People like Christopher Guest's improv-based comedies — This Is Spinal Tap, Waiting for Guffman, Best in Show, A Mighty Wind — in a peculiarly self-satisfied way, confident that enjoying them means they’re in on a sophisticated joke that the ordinary Adam Sandler–liking rabble don’t get. Yet for all their small joys, Guest's films make me wish they had big ones — bigger laughs, sharper satire, more narrative drive. The actors automatically raise a smile because we've loved them so many times before. But are they the best judges of their material? I had secret doubts — and A Mighty Wind made it OK to say them out loud.
Still, For Your Consideration seemed a sure thing. But the result is an in-joke without a punch line — one that seems even more impotent due to the proximity of Borat, a satire that actually has something to say and is freakin' hilarious besides. The idea here is that a small feature with a cast of minor names is being shot with no great expectations when suddenly Oscar rumors start floating around, putting all concerned into an anticipatory tizzy — most notably has-been actress Catherine O'Hara, hungry newcomer Parker Posey, Guest's own temperamental director, and Eugene Levy's conniving agent.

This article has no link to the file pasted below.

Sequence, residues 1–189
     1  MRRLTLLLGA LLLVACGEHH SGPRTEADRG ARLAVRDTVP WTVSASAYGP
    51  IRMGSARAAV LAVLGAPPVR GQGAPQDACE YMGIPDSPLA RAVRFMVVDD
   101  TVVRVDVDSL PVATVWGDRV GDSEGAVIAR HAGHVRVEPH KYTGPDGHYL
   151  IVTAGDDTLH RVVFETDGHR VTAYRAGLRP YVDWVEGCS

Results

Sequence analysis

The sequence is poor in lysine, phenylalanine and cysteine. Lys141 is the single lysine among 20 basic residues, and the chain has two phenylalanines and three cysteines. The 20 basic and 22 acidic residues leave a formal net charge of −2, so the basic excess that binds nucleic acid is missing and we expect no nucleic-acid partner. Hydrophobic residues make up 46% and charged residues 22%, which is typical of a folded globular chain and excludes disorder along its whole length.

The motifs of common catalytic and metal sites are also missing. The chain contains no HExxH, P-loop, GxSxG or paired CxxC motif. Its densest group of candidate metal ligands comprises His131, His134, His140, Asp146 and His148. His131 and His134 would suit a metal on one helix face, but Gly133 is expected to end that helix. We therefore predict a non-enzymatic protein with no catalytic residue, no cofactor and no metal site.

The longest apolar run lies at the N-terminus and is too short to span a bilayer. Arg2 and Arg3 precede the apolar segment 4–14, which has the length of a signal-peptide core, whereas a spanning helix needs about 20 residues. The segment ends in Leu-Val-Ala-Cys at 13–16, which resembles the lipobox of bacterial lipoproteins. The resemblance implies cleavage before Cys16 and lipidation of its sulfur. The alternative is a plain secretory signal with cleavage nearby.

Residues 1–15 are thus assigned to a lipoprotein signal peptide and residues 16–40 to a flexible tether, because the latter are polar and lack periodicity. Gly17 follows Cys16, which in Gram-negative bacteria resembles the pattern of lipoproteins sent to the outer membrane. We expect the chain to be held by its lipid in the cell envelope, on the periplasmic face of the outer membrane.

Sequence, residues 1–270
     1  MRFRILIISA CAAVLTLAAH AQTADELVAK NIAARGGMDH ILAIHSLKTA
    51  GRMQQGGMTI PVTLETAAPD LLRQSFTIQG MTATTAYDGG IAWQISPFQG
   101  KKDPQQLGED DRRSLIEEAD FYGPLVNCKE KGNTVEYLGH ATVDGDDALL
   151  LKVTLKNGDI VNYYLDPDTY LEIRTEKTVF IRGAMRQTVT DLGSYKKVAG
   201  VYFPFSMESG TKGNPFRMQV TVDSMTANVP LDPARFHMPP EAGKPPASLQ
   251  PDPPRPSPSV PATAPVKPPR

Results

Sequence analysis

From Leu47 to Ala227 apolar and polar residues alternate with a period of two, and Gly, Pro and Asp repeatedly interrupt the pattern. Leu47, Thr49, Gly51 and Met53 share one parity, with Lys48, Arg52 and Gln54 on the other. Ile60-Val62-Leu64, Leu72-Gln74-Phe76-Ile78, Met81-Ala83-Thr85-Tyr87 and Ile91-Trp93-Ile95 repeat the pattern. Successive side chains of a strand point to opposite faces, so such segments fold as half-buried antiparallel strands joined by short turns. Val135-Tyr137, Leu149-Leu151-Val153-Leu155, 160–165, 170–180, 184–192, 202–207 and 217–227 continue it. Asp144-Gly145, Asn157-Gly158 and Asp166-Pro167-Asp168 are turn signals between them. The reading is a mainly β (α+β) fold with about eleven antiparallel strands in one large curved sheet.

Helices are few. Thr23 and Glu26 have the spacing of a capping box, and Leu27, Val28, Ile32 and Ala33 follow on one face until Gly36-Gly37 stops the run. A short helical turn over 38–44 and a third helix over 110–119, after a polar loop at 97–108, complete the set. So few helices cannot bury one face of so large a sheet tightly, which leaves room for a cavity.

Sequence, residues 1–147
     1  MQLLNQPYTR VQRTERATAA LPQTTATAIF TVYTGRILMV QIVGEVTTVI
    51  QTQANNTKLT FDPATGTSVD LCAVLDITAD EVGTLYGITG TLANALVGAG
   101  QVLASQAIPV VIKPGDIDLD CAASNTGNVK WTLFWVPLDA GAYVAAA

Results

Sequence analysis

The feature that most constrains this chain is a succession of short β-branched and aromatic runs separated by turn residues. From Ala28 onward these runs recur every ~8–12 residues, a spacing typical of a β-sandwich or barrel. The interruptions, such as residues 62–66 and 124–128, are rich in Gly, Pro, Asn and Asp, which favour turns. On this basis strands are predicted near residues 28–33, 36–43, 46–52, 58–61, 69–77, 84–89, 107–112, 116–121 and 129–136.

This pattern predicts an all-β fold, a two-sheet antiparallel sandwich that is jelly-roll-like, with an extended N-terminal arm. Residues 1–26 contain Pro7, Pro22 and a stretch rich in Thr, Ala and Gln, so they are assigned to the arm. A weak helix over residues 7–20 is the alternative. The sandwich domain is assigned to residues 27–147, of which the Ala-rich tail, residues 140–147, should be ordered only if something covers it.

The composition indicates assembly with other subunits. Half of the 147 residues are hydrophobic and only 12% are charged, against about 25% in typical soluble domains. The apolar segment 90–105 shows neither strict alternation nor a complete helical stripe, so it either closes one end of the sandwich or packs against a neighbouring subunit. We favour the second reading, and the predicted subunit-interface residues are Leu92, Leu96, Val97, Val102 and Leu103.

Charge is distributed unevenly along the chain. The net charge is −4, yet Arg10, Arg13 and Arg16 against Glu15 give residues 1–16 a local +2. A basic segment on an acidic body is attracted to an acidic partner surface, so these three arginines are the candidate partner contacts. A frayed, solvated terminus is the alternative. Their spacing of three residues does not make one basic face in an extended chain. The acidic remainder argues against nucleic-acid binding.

So far, so OK. Guest and his most loyal creative partners here (Levy, O'Hara, Fred Willard) have on average logged over three decades on film and TV. They must have experienced more than a few troubled shoots and monumental egos. Yet the major characters here are blandly nice, none more than mildly eccentric. And the Oscar-buzzed movie they're shooting, Home for Purim, parodies the kind of stagy, earnest, wannabe Arthur Miller prestige project that has been DOA since the ’70s. And back then it would have been a PBS or Hallmark Hall of Fame special.
The only scenes attuned to today's showbiz — not coincidentally, the funniest here — lampoon empty-hype Entertainment Tonight–type shows, with Willard and Jane Lynch as breathlessly excitable hosts. Elsewhere, For Your Consideration seems to have been made by fogies — it's stiff jointed and embarrassingly proud of limp drollery that seldom pays off in real laughs. Like Home for Purim, this movie thinks it's Oscar material. But it's not even the stuff Golden Globes are made of. (Dennis Harvey)
FOR YOUR CONSIDERATION
Opens Fri/15 in Bay Area theaters
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